Shakespeare Is Alive and Well and…

hanging out in Toronto!

Many of us seniors have bad dreams about Shakespeare. We think back to our grade 12 English class where we studied Hamlet or Macbeth or another one of his murderous tragedies. We remember those 40-minute classes where we listened to a tape recorder playing scene after scene in deadly monotone, as we slowly felt our head sinking towards the desk and a nap. Or we think back to our homework: memorizing lines we barely understood, and then reciting them the next day in front of the entire class. When we were desperate, we made a trip to a bookstore for a copy of Cole’s Notes.

These days Shakespeare is redeemed for us by a trip to the Festival Theatre in Stratford or another venue, where we can watch expert actors bring those plays to life. Twice in the past weeks Peter and I have watched performances that have reminded us of why this 400-year-old guy is still around. Still attracting big crowds. Still relatable to our lives in the 21st century.

Two weeks ago we saw & Juliet, one of the Mirvish shows for this year. The idea behind the plot is that Shakespeare’s wife, Anne Hathaway, decides to challenge her husband about the ending of the tragedy Romeo and Juliet. “Why does it have to be so sad?” she asks. “Why does Juliet have to die? Why can’t she just go off and start her life over?” After a lot of arguments that you have probably lived through yourself, Will gives in. A happy wife is a happy life, as the saying goes.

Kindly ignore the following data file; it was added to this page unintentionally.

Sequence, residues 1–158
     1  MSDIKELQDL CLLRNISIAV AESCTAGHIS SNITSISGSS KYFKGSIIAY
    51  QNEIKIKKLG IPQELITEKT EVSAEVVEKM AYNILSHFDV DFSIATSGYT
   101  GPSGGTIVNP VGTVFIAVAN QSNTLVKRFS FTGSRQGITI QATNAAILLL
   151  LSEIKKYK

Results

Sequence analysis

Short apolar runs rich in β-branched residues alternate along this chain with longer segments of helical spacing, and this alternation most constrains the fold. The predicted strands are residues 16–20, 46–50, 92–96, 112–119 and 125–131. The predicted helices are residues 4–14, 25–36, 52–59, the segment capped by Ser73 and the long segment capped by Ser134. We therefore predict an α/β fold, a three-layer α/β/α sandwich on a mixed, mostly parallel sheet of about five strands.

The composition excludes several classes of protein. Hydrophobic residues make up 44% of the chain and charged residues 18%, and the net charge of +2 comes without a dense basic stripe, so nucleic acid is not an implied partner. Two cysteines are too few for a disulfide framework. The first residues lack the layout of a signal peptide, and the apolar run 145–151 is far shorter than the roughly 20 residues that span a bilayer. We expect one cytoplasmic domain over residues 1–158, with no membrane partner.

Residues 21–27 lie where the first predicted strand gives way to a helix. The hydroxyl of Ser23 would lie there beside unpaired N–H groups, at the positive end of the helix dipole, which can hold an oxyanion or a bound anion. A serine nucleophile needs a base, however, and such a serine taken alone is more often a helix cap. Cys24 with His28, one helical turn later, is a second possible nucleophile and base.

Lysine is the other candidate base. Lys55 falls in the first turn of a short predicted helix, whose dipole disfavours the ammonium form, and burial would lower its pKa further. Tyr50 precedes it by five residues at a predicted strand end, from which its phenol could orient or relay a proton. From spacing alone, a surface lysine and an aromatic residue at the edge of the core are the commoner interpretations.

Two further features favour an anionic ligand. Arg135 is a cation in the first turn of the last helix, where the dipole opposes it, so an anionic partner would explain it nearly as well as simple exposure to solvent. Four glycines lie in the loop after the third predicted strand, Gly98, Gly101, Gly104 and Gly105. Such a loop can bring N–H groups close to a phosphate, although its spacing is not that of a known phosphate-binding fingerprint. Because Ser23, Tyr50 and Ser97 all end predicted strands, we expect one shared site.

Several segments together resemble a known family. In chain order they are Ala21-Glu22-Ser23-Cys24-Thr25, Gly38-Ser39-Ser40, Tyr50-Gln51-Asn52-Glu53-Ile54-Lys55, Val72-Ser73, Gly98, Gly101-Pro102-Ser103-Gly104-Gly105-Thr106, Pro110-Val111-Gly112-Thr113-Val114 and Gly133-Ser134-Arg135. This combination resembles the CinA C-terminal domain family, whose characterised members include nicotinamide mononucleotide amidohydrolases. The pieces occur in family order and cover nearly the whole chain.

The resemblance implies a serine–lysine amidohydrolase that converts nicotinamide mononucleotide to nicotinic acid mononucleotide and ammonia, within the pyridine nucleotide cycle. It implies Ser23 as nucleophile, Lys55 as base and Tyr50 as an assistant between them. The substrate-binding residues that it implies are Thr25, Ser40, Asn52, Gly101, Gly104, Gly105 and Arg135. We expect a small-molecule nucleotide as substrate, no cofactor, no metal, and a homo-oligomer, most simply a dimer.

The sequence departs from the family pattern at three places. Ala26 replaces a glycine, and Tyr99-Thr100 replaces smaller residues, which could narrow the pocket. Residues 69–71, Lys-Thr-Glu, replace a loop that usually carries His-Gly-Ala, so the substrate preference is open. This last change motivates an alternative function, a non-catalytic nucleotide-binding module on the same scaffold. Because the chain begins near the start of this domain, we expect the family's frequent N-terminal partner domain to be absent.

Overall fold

Anne takes Will’s writing quill and sets out to rewrite the story’s ending. Juliet, recovering rather quickly from her grief at finding Romeo dead, heads to Paris and finds other opportunities to fall in love. The show is smart, funny, and full of energy. The themes are timeless: women’s rights, gay marriage, parents letting go. The ending is satisfying. The audience members are on their feet singing and clapping,

Last wee we went to High Park to watch As You Like It, one of Shakespeare’s comedies. We packed up a picnic supper; with sandwiches, condiments and some wine concealed in a water bottle. We grabbed our folding outdoor chairs and drove there early so we could get good seats: on top of a hill, where we could look down on the stage. We had an hour to enjoy our picnic and study the set, a forest scene within a forest. The High Park trees serve as a backdrop to the plastic vines and cardboard flowers that decorate the 2-level stage.

This show pretty much follows the original script, with a few extra mannerisms and inside jokes to remind us that Shakespeare can be tweaked to suit a modern audience. Although some of the dialogue requires careful listening, the actors exaggerate their lines to help us along. We watch as 4 couples – a pair of disguised Royals, the court jester and his partner, an inter-racial couple, and a shepherd and his goat herd lover – all of them find their way through the forest. And then they all find love. Once again the theme is timeless: love can flourish in many forms, settings, and variations. And once again, at the end of the performance, the folks in the audience are all standing and cheering,

It just goes to show you that old Will Shakespeare never really does get old. He just reinvents himself to suit the times. Is there a lesson here for the rest of us?


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